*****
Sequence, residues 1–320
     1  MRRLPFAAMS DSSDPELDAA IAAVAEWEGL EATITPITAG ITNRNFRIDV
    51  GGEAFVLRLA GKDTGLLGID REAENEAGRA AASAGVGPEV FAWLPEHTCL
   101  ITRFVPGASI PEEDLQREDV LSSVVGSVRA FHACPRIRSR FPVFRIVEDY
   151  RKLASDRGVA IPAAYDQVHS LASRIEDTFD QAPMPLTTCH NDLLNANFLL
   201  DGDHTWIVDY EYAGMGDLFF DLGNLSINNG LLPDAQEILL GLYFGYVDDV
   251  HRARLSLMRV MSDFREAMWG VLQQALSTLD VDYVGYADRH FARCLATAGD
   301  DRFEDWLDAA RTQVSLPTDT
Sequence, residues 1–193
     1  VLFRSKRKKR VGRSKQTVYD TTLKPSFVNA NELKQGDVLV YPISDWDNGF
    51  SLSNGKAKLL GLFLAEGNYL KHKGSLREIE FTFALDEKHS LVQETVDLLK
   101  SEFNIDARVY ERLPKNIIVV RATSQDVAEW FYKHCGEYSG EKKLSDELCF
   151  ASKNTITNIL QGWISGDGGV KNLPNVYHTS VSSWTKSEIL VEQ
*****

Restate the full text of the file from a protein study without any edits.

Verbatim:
Sequence, residues 1–320
     1  MRRLPFAAMS DSSDPELDAA IAAVAEWEGL EATITPITAG ITNRNFRIDV
    51  GGEAFVLRLA GKDTGLLGID REAENEAGRA AASAGVGPEV FAWLPEHTCL
   101  ITRFVPGASI PEEDLQREDV LSSVVGSVRA FHACPRIRSR FPVFRIVEDY
   151  RKLASDRGVA IPAAYDQVHS LASRIEDTFD QAPMPLTTCH NDLLNANFLL
   201  DGDHTWIVDY EYAGMGDLFF DLGNLSINNG LLPDAQEILL GLYFGYVDDV
   251  HRARLSLMRV MSDFREAMWG VLQQALSTLD VDYVGYADRH FARCLATAGD
   301  DRFEDWLDAA RTQVSLPTDT
Sequence, residues 1–193
     1  VLFRSKRKKR VGRSKQTVYD TTLKPSFVNA NELKQGDVLV YPISDWDNGF
    51  SLSNGKAKLL GLFLAEGNYL KHKGSLREIE FTFALDEKHS LVQETVDLLK
   101  SEFNIDARVY ERLPKNIIVV RATSQDVAEW FYKHCGEYSG EKKLSDELCF
   151  ASKNTITNIL QGWISGDGGV KNLPNVYHTS VSSWTKSEIL VEQ